Angelman Syndrome and UBE3A. Angelman Syndrome is a severe neurodevelopmental disorder characterized by intellectual disability, typical facial features and a usually happy demeanor. Patients with Angelman Syndrome usually do not acquire active speech and often show a characteristic, atactic gait. Also, patients with Angelman Syndrome have a characteristic EEG pattern and many children have seizures. Angelman Syndrome is a genetic disorder due to loss of function of UBE3A, a ubiquitin ligase expressed in the CNS. Ubiquitin ligases are the bin collectors of the cell. By attaching ubiquitin to proteins, proteins are labelled for cellular degradation. How a malfunction of a cellular garbage truck causes such a complex neurodevelopmental disorder is poorly understood. A recent study, however, points out an important role for interneurons…. Continue reading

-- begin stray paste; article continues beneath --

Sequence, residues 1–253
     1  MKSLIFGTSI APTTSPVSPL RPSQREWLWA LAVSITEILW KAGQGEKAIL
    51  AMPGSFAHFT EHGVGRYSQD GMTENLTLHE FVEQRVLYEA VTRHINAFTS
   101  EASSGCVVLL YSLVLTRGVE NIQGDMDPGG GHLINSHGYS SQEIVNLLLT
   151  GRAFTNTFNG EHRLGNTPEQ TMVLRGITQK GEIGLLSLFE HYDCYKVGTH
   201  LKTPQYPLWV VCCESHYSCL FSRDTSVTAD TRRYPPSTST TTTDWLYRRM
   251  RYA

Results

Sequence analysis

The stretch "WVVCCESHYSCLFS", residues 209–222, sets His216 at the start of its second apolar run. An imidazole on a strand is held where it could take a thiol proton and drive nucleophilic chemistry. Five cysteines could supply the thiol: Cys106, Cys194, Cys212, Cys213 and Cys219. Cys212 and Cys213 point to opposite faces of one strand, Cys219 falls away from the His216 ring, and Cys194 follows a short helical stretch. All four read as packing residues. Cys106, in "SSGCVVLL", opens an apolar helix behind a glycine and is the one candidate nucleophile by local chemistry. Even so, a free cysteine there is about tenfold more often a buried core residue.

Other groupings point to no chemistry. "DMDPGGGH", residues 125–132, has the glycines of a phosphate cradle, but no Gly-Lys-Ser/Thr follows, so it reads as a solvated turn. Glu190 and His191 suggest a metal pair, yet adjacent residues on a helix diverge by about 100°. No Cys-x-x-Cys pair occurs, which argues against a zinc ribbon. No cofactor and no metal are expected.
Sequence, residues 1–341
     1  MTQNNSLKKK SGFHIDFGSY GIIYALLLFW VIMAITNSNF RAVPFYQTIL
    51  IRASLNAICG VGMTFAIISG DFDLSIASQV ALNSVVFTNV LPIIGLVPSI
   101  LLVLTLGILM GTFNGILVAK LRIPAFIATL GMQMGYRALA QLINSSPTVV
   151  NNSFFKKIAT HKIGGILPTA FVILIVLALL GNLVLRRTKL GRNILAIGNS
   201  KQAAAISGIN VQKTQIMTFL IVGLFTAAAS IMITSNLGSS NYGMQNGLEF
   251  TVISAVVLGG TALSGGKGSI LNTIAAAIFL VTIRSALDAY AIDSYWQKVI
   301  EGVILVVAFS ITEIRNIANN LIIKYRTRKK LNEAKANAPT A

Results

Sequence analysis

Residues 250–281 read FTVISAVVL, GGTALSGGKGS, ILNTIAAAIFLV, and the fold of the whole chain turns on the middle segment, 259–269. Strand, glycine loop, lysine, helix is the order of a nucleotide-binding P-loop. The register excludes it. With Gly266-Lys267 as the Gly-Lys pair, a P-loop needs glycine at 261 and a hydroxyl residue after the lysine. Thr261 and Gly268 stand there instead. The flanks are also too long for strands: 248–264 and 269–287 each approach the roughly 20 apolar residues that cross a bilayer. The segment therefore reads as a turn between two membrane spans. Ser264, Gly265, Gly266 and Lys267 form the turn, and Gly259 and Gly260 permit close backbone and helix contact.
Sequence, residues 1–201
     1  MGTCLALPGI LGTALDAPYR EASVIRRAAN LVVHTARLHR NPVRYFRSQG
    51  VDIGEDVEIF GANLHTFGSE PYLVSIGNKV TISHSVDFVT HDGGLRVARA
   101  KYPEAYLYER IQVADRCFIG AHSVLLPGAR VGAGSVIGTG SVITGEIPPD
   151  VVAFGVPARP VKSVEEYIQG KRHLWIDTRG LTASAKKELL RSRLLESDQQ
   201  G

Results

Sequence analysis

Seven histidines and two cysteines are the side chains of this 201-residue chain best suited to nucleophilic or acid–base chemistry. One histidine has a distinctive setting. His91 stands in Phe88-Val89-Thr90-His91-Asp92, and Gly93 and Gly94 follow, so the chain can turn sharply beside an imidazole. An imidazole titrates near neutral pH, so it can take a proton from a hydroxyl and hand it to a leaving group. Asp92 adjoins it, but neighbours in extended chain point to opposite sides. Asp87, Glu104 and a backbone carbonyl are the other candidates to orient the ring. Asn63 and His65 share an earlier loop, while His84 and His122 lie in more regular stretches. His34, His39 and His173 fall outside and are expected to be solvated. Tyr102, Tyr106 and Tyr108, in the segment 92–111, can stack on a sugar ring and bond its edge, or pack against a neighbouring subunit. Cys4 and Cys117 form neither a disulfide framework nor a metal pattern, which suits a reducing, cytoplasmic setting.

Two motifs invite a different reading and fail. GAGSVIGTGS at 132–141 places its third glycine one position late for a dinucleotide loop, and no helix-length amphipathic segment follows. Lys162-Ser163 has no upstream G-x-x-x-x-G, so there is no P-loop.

FAME – when phenotypes cross over but chromosomes don’t

Crompton and colleagues recently published the clinical and genetic description of a large family with Familial Adult Myoclonic Epilepsy (FAME).  This phenotype is particularly interesting since it provides some insight into how neurologists conceptualize twitches and jerks.  It is also a good example that large families do not necessarily result in a narrow linkage region, particularly when centromeric regions are involved.

What is myoclonus?  Despite usually mentioned in the context of epilepsy, most people are inherently familiar with myoclonus. Most of us “twitch” when we fall asleep and sometimes experience this twitch as part of a dream.  These episodes are entirely normal and are called hypnic jerks, but they give people a good idea of what a sudden, brief, shocklike, involuntary movement caused by muscular contraction or inhibition would feel like.  Myoclonus in the setting of epilepsy is usually mentioned as part of a Juvenile Myoclonic Epilepsy (JME) or Progressive Myoclonus Epilepsy (PME).  Please note that both epilepsies use different endings to describe the twitch (“-us” vs. “–ic”).  This is mainly convention.  Basically, myoclonus is a brief shock-like twitch, which can affect almost every part of the body and can be due to dysfunctions in various regions in the Central Nervous System.